Smart accommodations it New Age of Health and Wellness Tourism
The nature of wellness and medical tourism guest data for balneology and thalassotherapy resorts throughout the world, how it is aggregated, and how it is analyzed in the hospitality industry is changing.
At one end of the spectrum, the in-room survey card and the spa checkout questionnaire were the key tools to inform management of what worked and what did not work or how the service failed for each guest. I haven’t seen one of these surveys in several years - but I am sure they are still out there in use at many smaller resorts.
On the other end of the spectrum, the use of digital surveys that land in my inbox after each hotel stay at most large chain hotels. I can count on the survey to be in my inbox (or a link to my SMS as a text message) sent from Marriott before I ever arrive home. But when I cite a complaint, rarely do I ever hear from them in follow up. That is, in my professional opinion, a huge missed opportunity.
These days, web- and mobile-savvy travelers come to expect the survey and therefore don’t always initiate a comment or feedback to social media rating sites for several reasons: they are nonplussed about their experience, they plan to do it and then forget, or they simply aren’t of the ilk to post comments unless something is exceptionally good or bad.
One thing is for certain: This fluid and ever-growing process of communicating what works — and what doesn’t work — about each stay - is here for the next few years - and expect it to be the new standard that incorporates mobile apps that report back on activities, where guests went, what they did, activity levels, expenditures, movies they watch, food they order, and steps they take on the treadmill.
For thermal resorts and spas, medical rehabilitation centers and wellness centers, the data surrounding the activities associated with a guest experience — from their price-to-value determination about room rates to room inventory with king-size beds to spa and treatment expenditures on the property — is fueling a massive resource that marketing and operations can access, analyze, and use. While hospitality partners hotels have much in the way of available and accessible data, it is not always a resource that hospitality is using to its best advantage, however. Especially for the segment that is their medical tourism or medical wellness business.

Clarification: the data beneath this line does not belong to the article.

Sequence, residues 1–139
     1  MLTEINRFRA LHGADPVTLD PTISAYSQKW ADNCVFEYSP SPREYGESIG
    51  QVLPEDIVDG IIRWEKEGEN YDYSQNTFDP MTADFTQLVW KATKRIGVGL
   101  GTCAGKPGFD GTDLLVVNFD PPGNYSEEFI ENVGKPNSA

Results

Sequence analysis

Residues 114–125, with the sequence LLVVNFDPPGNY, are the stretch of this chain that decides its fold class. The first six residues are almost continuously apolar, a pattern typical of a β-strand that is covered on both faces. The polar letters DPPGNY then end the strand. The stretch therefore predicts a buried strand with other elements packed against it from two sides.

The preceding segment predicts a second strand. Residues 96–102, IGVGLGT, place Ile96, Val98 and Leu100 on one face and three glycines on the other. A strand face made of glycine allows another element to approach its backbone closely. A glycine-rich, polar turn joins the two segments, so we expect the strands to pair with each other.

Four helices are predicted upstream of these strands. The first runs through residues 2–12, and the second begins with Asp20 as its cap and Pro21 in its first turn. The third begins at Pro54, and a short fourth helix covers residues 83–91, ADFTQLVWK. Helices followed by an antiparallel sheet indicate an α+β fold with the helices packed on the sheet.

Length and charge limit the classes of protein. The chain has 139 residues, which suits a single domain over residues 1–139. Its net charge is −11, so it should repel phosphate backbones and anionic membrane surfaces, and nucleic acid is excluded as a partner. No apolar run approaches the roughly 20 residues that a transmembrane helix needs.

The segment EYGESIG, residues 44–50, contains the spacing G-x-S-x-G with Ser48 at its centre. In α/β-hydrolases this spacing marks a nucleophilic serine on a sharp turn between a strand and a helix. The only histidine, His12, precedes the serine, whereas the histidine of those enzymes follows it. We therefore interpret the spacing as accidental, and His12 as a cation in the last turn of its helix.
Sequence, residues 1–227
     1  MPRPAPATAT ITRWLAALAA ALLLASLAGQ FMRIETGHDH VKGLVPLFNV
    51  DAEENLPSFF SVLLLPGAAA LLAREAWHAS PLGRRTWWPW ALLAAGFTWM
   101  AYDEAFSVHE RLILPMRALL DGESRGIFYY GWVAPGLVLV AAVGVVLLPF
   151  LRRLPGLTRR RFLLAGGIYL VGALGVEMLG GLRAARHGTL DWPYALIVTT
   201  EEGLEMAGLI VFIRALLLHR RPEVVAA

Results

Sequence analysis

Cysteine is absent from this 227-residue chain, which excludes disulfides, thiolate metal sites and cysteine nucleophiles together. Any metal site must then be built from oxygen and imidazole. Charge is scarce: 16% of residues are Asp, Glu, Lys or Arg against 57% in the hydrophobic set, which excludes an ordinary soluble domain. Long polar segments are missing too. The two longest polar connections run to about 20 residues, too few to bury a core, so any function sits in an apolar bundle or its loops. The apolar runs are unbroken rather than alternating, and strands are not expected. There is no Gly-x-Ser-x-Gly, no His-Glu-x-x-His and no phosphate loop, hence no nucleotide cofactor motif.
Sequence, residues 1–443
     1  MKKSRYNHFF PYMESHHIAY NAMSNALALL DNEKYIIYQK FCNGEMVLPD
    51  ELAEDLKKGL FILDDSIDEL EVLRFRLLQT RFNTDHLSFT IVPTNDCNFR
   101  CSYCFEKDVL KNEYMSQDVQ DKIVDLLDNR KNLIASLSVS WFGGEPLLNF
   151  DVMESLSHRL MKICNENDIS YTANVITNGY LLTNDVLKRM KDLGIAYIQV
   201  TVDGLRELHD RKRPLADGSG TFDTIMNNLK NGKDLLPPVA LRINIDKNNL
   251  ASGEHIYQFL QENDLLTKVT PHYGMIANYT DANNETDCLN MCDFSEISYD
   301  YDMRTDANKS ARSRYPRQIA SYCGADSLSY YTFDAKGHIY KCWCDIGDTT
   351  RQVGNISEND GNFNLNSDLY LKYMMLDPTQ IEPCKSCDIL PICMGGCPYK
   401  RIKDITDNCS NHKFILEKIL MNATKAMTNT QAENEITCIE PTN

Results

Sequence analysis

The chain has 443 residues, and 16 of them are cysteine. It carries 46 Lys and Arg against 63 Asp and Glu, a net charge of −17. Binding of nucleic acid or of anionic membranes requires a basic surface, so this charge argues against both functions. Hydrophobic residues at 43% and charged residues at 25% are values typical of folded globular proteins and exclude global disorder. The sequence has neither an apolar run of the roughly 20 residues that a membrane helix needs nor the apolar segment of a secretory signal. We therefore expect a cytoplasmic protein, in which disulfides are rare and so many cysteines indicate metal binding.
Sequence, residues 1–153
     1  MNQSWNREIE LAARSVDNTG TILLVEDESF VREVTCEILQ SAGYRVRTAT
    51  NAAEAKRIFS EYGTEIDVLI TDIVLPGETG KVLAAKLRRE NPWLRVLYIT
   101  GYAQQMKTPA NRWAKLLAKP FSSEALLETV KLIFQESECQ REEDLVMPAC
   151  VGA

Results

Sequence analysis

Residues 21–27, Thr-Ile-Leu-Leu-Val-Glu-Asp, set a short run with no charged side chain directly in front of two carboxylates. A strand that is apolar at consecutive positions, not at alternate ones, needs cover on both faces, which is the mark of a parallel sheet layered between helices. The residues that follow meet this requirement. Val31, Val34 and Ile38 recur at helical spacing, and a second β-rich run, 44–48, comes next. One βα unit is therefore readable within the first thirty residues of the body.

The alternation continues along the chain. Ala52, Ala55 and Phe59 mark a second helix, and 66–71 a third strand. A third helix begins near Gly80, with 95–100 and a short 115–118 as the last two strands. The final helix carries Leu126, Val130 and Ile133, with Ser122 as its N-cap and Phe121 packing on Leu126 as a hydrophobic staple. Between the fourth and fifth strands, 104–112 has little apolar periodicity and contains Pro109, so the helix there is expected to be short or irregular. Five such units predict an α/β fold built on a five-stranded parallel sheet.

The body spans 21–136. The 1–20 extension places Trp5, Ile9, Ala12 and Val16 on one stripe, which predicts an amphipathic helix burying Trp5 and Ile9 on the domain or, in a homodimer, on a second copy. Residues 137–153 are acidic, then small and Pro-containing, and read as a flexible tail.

Across large-scale hotel brands, management decisions are being made to invest in data-analytics infrastructure. These inform them about amenities such as free, high-speed Wi-Fi throughout the property so that management can engage in two-way data transfer - both serving and gathering data about — guests in real time- as it happens.
Hoteliers are learning to take back some percentage of the data that they give away to valuable, but at times revenue-hungry, partners in the online travel agency (OTA) space.
Other hotel chains are expanding their strategy for data collection and use where opportunities exist to leverage data and guest tracking. The goal is to create increasingly personalized and timely marketing touch points with health and wellness travelers.
They are also learning how to use this data to communicate with their health tourism partners at hospitals, clinics, laboratories, imaging centers, and destination management companies.